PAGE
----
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Cat and rat October 12, 2019

Posted by WorldbyStorm in Uncategorized.

One of the cats caught a rat the other morning. Delighted it was too, swinging the dead rodent around in its mouth as it all too generously delivered it to the mat in the back yard. It seemed puzzled by the lack of appreciation this received. It’s a good hunter, having caught in just over two years a fair number of birds and a couple of hapless mice.

Still, it was a young rat, pretty big but not full size. I’ve seen cats seemingly bemused by cornered rats. On one occasion two cats – one a neighbours cat – had caught a rat in a bucket in the yard but they wouldn’t strike, clearly having learned better from previous encounters.

Reading up on the dynamics between cats and rats this from the Smithsonian was interesting:

According to Science News’ Susan Milius, the researchers tracked kills with the help of motion-triggered cameras that recorded 306 “active-animal” videos. Based on these clips, the scientists recorded 20 stalking events and three kill attempts (only two of which were successful). The kills occurred under ambush-like conditions, while the unsuccessful attempt was an open-floor chase.
“[It was a] very hesitant chase, like a stop-and-go dance they do,” Parsons tells Milius. “When the rat stops, the cat stops, too.”


1. Jim Monaghan - October 12, 2019

Due to building work next door, we had a rat. I wondered how to get rid of it. That evening, sitting watching tv, I heard the rat. Our two dogs stirred off the sofa. Ambled into the kitchen. I heard a squeak. They ambled back. Problem morphed into how to depose of dead rat.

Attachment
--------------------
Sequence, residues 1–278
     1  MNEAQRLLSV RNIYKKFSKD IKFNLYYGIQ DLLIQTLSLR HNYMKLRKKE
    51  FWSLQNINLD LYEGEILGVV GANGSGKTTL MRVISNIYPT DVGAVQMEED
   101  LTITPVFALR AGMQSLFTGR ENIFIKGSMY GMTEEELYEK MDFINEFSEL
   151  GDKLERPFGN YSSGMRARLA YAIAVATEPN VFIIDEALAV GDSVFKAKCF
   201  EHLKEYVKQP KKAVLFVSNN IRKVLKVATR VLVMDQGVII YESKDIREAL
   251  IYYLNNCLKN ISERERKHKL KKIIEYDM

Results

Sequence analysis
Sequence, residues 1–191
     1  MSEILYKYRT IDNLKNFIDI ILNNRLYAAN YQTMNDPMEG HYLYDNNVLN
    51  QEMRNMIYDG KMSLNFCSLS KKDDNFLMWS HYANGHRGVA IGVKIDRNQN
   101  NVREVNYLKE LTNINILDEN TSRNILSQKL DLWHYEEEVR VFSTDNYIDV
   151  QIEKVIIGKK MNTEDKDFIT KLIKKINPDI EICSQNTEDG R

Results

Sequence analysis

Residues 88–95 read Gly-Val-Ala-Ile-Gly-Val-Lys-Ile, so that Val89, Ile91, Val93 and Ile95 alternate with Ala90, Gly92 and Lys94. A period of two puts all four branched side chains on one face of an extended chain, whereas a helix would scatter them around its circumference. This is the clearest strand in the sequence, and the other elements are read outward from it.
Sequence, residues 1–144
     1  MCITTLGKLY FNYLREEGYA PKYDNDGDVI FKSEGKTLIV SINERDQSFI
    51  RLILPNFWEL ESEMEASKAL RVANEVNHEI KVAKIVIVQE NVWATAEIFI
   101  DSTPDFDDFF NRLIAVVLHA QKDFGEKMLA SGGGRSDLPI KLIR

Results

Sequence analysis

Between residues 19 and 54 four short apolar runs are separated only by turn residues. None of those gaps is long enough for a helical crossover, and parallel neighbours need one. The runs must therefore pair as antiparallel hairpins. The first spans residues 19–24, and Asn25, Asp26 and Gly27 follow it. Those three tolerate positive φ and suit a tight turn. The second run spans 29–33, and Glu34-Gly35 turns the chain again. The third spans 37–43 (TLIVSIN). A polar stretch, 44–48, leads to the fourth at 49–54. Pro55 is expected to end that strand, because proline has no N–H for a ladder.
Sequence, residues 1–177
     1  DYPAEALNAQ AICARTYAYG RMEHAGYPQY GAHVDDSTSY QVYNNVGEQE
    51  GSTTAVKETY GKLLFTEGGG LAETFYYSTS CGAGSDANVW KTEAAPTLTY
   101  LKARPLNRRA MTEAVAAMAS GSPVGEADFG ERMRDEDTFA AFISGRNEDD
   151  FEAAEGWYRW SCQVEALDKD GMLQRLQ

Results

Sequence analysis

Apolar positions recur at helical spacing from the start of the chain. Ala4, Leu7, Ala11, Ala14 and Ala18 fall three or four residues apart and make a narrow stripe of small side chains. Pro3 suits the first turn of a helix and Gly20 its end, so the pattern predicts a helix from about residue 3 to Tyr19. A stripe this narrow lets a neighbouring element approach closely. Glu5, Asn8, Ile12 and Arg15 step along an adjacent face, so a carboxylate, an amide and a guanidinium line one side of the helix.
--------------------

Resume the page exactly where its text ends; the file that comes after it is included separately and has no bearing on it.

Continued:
On another occasion, my daughter rang us on holiday with a similar problem. She rang back later to tell us that t he dogs had done ot again.

Liked by 1 person

2. benmadigan - October 12, 2019

Another cat story showing how Viking Cats came to Ireland and mutated into fat cats, which WBS enjoyed at the time!



3. Joe - October 17, 2019

So there’s a folktale I know – heard it in Irish first. Lovely Kerry Irish of Bab Feirtéar, go ndéana Dia grásta uirthi. It’s a ‘string’ (I think that’s what they call it) type of story.
The cat and the mouse were playing by the fireside one Sunday morning. With all the messing didn’t the cat tear the tail off the mouse. ‘Oh the shame, the shame’ says the mouse, ‘give me back my tail so that I can go to Mass’. ‘I will’ says the cat, ‘if you get me a drop of milk from the cow’. The mouse goes to the cow and asks for a drop of milk to give to the cat so the cat will give him back his tail so that he can go to Mass……. And on it goes – the cow says she will if the mouse will get her a sop of grass from the barn; the barn says he will if mousey will give him a drop of water to stop his door squeaking; I’m sure there’s more; he goes to the well with a bucket but it’s full of holes; the robin tells him to fill the holes with yellow clay and cowshit; he gets the water, the shed gives him the grass… and the cat gives him his tail back. But ’twas no good because by the time he got to Mass he was late! The cat was fierce ashamed of himself for causing the mouse to be late for Mass. So he made a vow that he’d never again tear the tail off the mouse. And he never did. Because ever since then it’s the mouse’s head the cat tears off when he gets a hold of him. He keeps the tail for the dessert.


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